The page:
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He Second Treatise of Government - Essay Example

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Name History and Political Science   10 April 2013 The Second Treatise of Government The Theory John Locke is historically addressed as one of the greatest English philosophers of all times and a founding political thinker who contributed greatly to the modern political systems in Europe…
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He Second Treatise of Government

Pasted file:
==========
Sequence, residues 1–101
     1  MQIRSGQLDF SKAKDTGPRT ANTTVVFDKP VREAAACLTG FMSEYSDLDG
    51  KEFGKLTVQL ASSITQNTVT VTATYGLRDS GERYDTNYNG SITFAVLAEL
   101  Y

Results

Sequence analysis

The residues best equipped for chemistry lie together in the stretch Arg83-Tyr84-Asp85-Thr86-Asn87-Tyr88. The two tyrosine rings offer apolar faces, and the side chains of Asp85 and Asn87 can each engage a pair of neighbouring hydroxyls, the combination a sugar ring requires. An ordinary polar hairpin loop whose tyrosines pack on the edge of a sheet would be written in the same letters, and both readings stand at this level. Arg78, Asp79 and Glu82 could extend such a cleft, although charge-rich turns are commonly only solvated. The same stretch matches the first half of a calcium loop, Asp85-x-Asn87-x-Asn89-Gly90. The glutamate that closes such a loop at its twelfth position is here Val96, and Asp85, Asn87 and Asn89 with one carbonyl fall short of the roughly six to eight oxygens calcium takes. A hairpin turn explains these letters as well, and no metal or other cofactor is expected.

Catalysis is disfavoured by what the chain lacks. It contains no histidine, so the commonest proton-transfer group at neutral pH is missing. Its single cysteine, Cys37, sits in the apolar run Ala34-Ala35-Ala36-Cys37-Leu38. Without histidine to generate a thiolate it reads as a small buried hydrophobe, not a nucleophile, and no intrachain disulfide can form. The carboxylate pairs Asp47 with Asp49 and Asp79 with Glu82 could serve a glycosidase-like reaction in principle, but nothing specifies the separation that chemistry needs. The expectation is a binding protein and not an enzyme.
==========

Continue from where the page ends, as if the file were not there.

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Download file to see previous pages According to Jones (21), Locke made emphasis on individuals ‘natural rights (through the law of nature that claimed all men being equal and deserving to enjoy equal rights), on their constitutional governments by consent. In his theory, rather than the supreme authority, the people hold the power to set up a particular government and even replace it in case it fails. Because of the law of nature that gives humans liberty to act through the individual rights, and the contract nature of the civil society, the people can then give some of their rights to the government, as a form of trust that it would secure and defend the rights of the general people. The true sovereignty hence extends from the people as the authority is delegated more to the legislature that makes and defines the laws of the state, than the executive branch of government that executes the law (Jones 21). As a result, the theory argues that the governments should exist by the consent of the people, because with their rights they set up the civil society, and in their majority, their supreme authority and power is represented through the elected representatives in parliament. This means that the only legitimate civil society or political society that assumes power should be formed by the consent of the people, and not by force to protect and promote the public will. How John Locke Defended the Theory The law of nature: Locke used a biblical concept to defend his idea of natural law, while countering the earlier concepts as put forward by other philosophers. He portrayed the concept of liberty as a God given right to every individual so that they act in respect to the law of nature. Concepts of natural law existed before, but viewed humans from another negative point. However, Locke associates the natural law to be the will of God, who seemed to have been so far the first lawmaker for humanity to follow, that defines right and wrong and attaches sanctions to violations of the natural law; hence humans had an obligation to live according to it, because it is reasonable and willed by God (Kim Ian 127). As such humans are viewed as capable individuals with a rationale to know the will of God (law of nature), whose wisdom and knowledge gives them liberty and enforces preservation of humanity. Despite mankind being prone to anarchy as Hobbessian philosophy indicates, the rationality humans have gives them the capability to develop the civil society and institute a government that articulates and enforces the law of nature (McFerran 24). Locke pointed out that natural law works for all humans and society preservation; hence the interest of the individuals should not conflict with those of the organisation or individuals in a society. As such, harming one another was a violation of the natural law to the property of God (humans’ lives, possessions and liberty) and deserving of punishment for the offence. Humans are obliged to enforce the natural law and can hence use their established civil societies as a natural faculty to fulfil the will of God, and preserve the community. They are free and potentially moral to constitute a government with limited power, and because of the knowledge of the natural law, they can put the government to checks if it conforms and serves right to implement the law of nature. ...Download file to see next pagesRead More
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